Solutions to addressing the challenges facing urgent and emergency care do not lie simply in more spending on health, but in reforming, restructuring and innovating in a way that shifts care, from managing ill health to preventing it. [7] 

This section explores five measures that could re-envision urgent and emergency care to address these issues and improve patient care, experience and outcomes. It is based on interviews with individuals working across urgent and emergency care in England, conducted between May and June 2022.

Figure 1

1. Removing perverse incentives perpetuating silo working

Our engagement with clinical and healthcare leaders alighted on a key issue that would improve urgent and emergency care: removing the financial, contractual and operational boundaries between primary / out-of-hospital care and secondary care. This would reduce silo working within the UEC system.

Dismantling these barriers and integrating urgent and emergency care across the whole system would improve efficiency and maximise the skills capacity of the workforce. 

"We need providers that span specialties and encourage community care, reduce hospital care and minimises the primary / secondary care split – we need to give GPs more access to diagnostics and outpatients." Consultant in Emergency Medicine

Perverse incentives promote activities such as moving problems along to manage high demand, for example setting ambulance targets based on time rather than addressing need through defined pathways of care. The establishment of integrated care boards across the country should present a prime opportunity to remedy this, working with local providers and consumers of care. Mapping population urgent and emergency care needs and applying this knowledge to all component parts of the UEC system will ensure services are configured to meet their specific needs.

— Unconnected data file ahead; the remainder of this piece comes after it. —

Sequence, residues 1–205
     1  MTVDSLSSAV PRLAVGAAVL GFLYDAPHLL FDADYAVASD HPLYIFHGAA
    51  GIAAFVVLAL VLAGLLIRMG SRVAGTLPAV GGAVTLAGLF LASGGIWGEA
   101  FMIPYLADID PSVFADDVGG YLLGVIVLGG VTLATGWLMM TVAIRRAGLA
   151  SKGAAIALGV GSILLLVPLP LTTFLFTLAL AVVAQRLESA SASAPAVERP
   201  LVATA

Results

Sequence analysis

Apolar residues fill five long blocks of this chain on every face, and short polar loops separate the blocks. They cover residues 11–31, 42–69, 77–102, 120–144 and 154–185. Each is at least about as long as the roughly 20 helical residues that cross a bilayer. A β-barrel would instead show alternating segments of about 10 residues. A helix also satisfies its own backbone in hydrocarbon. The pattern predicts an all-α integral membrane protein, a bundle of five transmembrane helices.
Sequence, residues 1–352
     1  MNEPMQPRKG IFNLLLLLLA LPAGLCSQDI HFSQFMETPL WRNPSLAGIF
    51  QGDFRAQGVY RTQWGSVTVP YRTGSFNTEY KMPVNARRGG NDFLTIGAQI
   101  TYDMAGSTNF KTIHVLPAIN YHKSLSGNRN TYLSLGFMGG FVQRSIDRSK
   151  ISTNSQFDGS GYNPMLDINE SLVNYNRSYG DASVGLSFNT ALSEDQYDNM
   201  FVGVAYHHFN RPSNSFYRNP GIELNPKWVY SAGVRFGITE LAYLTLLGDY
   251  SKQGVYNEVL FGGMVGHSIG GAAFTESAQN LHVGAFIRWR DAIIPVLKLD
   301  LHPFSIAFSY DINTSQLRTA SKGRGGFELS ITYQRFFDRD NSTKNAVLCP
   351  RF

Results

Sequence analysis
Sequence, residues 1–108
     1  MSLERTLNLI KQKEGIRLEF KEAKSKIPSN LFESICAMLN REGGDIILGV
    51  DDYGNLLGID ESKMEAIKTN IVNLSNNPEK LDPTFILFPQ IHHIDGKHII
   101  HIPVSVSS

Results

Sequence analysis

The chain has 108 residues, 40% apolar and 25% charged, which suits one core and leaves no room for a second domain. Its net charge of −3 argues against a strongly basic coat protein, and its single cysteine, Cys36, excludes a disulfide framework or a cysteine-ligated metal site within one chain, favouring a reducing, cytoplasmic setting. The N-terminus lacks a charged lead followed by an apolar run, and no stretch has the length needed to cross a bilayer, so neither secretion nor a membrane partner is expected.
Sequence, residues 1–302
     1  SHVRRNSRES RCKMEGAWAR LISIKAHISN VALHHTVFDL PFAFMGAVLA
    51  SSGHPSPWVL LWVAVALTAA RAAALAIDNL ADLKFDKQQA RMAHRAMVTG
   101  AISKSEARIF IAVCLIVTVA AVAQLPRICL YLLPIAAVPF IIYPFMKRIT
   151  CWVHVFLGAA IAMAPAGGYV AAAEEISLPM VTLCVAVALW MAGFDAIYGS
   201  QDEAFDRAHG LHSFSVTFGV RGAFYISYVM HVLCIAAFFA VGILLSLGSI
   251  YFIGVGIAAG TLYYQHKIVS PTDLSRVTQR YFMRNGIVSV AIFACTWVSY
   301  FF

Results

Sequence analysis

Performance monitoring

The nature of ambulance care has changed, with paramedics often spending longer on scene trying to avoid conveyance. This reduces the number of calls each crew can respond to per shift. The service is no longer about ‘scoop and run’ or time-critical care (which is relatively rare). The types of calls being responded to involve patients with more complex conditions which are less acute and require a different type of triage and disposition. Performance monitoring should mirror this and acknowledge the need for a more patient-centred response. 

Local need

Given the huge variation in factors such as geography (inner city areas will have different needs from more rural and remote areas), and other demographics such as local community cultures, one size will not fit all. Systems need to be relieved of some of the national top-down pressure and encouraged to evolve, informed by local need. To support this, integrated care systems need to be given the mandate, but not be 'beaten over the head with it' and forced to over-regulate. National strategic priorities need to be locally devolved and delivered, with funding driving place-based improvement.